Synergistic impacts of habitat loss and fragmentation on model ecosystems
Bartlett, Lewis J
Purves, Drew W
Tittensor, Derek P
Harfoot, Michael B J
Proceedings of the Royal Society B: Biological Sciences
© 2016 The Authors. Published by the Royal Society under the terms of the Creative Commons Attribution License http://creativecommons.org/licenses/by/4.0/, which permits unrestricted use, provided the original author and source are credited.
Habitat loss and fragmentation are major threats to biodiversity, yet separating their effects is challenging. We use a multi-trophic, trait-based, and spatially explicit general ecosystem model to examine the independent and synergistic effects of these processes on ecosystem structure. We manipulated habitat by removing plant biomass in varying spatial extents, intensities, and configurations. We found that emergent synergistic interactions of loss and fragmentation are major determinants of ecosystem response, including population declines and trophic pyramid shifts. Furthermore, trait-mediated interactions, such as a disproportionate sensitivity of large-sized organisms to fragmentation, produce significant effects in shaping responses. We also show that top-down regulation mitigates the effects of land use on plant biomass loss, suggesting that models lacking these interactions—including most carbon stock models—may not adequately capture land-use change impacts. Our results have important implications for understanding ecosystem responses to environmental change, and assessing the impacts of habitat fragmentation.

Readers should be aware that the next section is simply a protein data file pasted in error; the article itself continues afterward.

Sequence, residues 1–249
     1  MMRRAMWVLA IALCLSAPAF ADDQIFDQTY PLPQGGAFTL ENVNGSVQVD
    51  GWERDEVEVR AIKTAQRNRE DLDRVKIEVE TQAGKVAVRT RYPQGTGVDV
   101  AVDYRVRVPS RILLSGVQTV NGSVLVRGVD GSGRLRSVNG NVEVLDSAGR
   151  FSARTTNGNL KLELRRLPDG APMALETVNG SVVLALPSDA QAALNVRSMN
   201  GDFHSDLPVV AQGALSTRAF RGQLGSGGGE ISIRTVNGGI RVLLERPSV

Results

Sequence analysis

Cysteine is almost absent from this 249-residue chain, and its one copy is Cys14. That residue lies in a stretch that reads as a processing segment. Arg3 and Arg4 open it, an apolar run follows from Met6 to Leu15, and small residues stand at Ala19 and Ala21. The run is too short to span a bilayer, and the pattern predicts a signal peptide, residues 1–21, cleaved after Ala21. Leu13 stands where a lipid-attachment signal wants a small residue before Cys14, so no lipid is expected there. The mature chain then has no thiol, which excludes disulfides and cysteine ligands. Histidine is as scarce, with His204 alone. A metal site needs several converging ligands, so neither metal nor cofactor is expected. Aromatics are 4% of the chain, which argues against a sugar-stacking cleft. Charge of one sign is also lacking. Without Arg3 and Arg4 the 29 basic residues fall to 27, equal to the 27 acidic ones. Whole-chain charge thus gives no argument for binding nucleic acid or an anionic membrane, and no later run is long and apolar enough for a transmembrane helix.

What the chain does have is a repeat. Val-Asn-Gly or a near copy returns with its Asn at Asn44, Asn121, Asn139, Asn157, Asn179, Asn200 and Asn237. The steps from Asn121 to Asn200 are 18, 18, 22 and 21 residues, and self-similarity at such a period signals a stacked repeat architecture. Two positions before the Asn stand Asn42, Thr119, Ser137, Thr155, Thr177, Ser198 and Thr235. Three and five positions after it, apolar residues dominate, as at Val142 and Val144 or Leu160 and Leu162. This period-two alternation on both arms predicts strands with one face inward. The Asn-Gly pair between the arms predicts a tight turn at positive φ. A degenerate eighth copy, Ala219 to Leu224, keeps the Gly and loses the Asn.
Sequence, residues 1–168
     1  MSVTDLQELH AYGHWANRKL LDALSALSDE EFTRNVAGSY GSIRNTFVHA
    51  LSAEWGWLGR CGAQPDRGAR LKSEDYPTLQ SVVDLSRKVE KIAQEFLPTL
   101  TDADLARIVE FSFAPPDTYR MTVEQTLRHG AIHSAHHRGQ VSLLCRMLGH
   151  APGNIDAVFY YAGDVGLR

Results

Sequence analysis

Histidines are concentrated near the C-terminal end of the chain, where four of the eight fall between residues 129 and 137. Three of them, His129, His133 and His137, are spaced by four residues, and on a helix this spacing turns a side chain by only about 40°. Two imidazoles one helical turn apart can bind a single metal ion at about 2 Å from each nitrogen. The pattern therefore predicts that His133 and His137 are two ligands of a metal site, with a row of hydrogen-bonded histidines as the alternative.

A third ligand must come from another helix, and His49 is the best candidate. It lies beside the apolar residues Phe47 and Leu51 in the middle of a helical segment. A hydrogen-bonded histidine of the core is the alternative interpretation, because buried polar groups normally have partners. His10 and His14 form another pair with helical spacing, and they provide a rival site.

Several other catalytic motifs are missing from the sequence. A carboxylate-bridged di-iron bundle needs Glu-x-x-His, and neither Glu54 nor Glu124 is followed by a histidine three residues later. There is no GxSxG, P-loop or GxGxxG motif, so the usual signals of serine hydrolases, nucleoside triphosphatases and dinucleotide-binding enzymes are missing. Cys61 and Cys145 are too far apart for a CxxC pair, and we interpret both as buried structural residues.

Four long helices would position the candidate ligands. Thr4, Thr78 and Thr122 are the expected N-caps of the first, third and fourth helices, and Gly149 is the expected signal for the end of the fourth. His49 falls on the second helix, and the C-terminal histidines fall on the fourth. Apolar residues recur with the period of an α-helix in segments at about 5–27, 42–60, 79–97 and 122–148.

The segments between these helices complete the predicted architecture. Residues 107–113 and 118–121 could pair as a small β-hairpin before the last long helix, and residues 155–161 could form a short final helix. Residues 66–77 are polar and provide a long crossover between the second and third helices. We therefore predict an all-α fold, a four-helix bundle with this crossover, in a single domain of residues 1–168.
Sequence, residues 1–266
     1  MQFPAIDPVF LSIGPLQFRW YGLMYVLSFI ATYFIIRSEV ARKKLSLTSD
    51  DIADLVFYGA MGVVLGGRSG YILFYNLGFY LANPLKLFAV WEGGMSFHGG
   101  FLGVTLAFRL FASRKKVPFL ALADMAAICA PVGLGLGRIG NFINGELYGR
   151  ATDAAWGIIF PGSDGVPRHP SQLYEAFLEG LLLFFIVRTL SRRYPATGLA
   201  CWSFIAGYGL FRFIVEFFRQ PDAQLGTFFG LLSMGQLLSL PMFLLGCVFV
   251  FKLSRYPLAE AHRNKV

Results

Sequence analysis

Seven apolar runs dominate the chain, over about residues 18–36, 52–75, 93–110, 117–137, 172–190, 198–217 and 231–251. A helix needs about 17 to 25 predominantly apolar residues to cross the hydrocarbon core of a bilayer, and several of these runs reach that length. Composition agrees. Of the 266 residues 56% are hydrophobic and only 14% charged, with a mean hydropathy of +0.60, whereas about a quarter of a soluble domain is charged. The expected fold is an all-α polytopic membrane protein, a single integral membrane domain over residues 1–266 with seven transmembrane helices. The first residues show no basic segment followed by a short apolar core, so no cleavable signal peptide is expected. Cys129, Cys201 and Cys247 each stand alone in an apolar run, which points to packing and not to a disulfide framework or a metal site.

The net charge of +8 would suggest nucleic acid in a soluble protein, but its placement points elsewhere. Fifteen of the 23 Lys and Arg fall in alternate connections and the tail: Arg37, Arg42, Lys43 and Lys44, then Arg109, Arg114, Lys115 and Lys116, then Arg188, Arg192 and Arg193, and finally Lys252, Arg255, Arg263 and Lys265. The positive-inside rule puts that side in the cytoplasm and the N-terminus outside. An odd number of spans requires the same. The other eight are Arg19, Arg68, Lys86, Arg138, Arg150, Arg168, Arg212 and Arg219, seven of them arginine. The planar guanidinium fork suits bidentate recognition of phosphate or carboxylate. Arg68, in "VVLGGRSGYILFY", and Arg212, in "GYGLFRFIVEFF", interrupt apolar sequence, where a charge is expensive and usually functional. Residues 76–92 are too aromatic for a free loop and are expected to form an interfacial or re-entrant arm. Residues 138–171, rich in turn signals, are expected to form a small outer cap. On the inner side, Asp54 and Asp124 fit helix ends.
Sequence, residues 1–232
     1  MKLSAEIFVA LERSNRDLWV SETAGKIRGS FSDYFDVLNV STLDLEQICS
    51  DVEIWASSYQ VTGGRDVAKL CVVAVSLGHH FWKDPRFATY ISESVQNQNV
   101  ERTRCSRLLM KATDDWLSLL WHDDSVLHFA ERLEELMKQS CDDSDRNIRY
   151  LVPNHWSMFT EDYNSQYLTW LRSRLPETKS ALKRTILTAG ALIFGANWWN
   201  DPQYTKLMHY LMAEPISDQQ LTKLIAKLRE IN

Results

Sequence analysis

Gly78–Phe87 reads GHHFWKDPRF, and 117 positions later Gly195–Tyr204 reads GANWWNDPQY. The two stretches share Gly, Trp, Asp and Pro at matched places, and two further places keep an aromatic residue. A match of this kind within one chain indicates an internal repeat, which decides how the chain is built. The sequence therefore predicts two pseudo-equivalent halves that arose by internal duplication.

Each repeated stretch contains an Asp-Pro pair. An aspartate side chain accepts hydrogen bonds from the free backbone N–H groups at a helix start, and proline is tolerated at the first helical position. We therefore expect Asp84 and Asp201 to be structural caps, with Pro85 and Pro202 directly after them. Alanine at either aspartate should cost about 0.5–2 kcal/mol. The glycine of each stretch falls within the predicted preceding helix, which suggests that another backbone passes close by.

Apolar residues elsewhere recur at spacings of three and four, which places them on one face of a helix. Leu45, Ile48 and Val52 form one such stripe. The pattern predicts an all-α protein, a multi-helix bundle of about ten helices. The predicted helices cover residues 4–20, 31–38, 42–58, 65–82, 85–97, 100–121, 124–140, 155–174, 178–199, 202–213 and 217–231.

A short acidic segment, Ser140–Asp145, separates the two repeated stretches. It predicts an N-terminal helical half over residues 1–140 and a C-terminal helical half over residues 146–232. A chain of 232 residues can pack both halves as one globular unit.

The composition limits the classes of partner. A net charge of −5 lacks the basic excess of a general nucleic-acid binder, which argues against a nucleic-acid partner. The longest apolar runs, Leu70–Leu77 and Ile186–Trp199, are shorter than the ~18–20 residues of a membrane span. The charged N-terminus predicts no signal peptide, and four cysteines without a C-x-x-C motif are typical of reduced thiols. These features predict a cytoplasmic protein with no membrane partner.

T.N. acknowledges funding from a Leverhulme Trust Research Project grant. L.J.B. acknowledges funding from a Natural Environment Research Council training grant (NE/L002434/1). M.H. and D.T. acknowledge funding from a KR Rasmussen Foundation grant.
This is the final version of the article. Available from the Royal Society via the DOI in this record.
Vol. 283 Issue 1839, article 20161027
Except where otherwise noted, this item's license is described as © 2016 The Authors. Published by the Royal Society under the terms of the Creative Commons Attribution License http://creativecommons.org/licenses/by/4.0/, which permits unrestricted use, provided the original author and source are credited.